If you know like I know
you don’t want to step to this Christmas season doesn’t officially begin until the first time I play Donny Hathaway’s “This Christmas”, his 1970 single (that he wrote with Nadine McKinnor) that tanked upon release but over time has become as vital to the Christmas season as Mariah Carey’s “All I Want For Christmas Is You”. For me, this first spin can occur anywhere from mid-July to Thanksgiving Day.
From the opening horns and drums, you know its about to go down. Your head might nod because your neck knows its phat. Your foot might tap. Your hips might unconsciously sway a little bit. It’s impossible not to feel good about…something…when it comes on. The song is perfect. When I think of Christmas, I immediately think of “This Christmas,” The Temptations “Silent Night,” and the Whispers “Happy Holidays To You.”
Let’s kick some actual factuals, though. Donny Hathaway is my favorite singer of all time. You care. While my starting five might change depending on my mood, Donny Hathaway (and typically Phyllis Hyman) are always in that number, no matter what. Donny’s voice is as close to heavenly as you can get. While I don't know if G'z get to go to heaven (cuz I don't want to die), I'm pretty sure that everybody who does get in gets a free non-ad subscription to Spotify with a suggested "Accepted In Heaven" Playlist and this song is included along with a few songs by the Doobie Brothers, Fleetwood Mac, Boston, Marvin Gaye, Joni Mitchell, Stevie, and oddly enough "Party Rock" by LMFAO.
(I just made all that up by the way.)
And just to prove to you all that I’ve been real with mine for an uber long time, this post from 2009 shows me putting Donny Hathaway at number one my list of voices that need to be recognized (while it also shows me using Dontavious as my middle name even back then for folks thinking that’s a new thing).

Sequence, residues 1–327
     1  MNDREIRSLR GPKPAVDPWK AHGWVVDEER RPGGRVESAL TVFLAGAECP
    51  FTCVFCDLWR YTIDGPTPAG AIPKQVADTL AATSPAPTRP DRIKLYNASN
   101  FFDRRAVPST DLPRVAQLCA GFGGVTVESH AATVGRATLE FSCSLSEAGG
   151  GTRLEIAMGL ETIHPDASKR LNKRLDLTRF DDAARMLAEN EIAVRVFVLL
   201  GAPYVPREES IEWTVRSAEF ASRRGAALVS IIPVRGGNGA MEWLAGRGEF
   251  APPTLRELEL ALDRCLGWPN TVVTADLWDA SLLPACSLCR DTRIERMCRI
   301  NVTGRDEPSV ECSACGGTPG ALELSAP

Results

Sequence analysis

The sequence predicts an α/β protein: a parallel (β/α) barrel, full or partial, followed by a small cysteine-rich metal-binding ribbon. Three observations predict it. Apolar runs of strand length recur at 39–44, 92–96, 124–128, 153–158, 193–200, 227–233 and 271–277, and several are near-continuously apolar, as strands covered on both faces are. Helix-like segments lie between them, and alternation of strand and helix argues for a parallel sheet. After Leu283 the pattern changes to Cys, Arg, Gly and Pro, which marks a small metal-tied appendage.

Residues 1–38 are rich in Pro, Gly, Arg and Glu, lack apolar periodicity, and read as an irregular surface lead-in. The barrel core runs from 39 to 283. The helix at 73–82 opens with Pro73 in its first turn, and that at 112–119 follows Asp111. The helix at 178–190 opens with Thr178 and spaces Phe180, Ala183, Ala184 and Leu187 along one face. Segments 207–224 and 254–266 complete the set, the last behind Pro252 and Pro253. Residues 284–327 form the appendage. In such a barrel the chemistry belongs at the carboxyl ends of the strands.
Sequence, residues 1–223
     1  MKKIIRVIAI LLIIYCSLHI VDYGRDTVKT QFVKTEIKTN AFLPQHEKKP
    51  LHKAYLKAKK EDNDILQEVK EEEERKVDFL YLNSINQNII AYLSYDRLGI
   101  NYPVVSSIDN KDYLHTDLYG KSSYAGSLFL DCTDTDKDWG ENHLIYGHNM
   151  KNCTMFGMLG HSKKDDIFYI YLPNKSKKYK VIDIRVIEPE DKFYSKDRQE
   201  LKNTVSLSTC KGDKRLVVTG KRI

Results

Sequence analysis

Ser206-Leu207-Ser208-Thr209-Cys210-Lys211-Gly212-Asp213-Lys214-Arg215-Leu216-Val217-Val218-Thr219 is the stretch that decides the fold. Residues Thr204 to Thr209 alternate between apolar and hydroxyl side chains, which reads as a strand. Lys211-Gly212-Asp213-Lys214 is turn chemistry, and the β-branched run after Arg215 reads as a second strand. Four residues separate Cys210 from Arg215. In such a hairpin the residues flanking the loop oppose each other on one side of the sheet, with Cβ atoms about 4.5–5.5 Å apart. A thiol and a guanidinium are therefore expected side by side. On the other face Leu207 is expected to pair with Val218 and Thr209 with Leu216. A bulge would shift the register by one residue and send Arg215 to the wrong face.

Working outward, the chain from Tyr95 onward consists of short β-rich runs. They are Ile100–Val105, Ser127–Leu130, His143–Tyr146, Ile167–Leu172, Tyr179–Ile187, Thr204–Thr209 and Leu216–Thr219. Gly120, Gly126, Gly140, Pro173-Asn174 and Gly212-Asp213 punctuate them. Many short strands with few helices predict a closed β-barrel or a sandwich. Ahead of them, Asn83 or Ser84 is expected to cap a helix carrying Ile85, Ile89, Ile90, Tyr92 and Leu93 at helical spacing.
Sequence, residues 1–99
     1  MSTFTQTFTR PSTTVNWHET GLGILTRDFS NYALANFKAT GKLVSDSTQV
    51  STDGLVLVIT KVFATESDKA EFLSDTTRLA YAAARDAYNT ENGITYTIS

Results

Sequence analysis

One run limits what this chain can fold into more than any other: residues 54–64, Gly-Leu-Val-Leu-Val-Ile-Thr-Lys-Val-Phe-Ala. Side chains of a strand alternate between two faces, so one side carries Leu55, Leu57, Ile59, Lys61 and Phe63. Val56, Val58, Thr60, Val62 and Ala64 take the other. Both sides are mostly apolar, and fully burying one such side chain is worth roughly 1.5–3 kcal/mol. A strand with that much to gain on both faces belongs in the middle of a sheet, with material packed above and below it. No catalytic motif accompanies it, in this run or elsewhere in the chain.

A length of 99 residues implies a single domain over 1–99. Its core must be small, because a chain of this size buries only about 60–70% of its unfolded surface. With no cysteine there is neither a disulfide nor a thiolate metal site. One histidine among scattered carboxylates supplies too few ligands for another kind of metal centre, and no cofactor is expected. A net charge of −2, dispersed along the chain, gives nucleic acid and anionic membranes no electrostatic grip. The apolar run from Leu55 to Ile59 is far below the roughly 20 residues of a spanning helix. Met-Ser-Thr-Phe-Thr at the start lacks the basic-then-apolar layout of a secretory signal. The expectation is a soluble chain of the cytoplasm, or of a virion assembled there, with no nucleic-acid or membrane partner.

1) Donny Hathaway
I swear, this is one of the few grown ass men who’s ever brought a tear to my eyes, with the other being my father after an asswhippin’. Donny had one of the most beautiful voices EVER. So clear, so beautiful. So fresh and so clean clean. In fact, Donny’s voice was so good, he didn’t feel like he deserved it anymore and jumped out of a window of a hotel in New York City in January of 1979.
Rude joke aside, you get my point. Donny is my dude.
I’m not adept enough with the synonyms to accurately describe his voice as anything other than Godly. In my estimation, the good Lord himself was cookin' voices in his kitchen, came across perfection, pointed to St. Louis and Donny Hathaway was born who ended up taking his talents to Washington, DC’s Howard University and Chicago and New York to make my life better when I was fortunate enough to discover him.
In fact, I remember listening to “A Song For You” something like 200 times in a row because it drew that much emotion out of me. I wasn’t depressed or anything (its a sad ass song) but my goodness, Donny, you went and made that song yours. I’ve got all of his musics because how can you love Donny and not have all of his musics. I’ve ordered albums from Japan (Come Back Charleston Blue soundtrack) and special ordered collector’s only versions of albums. In my home hangs an article from 1970 speaking about the emergence of Donny.
I’m just saying that the love is real. It’s, like, real real. Which means you know its real. Real real.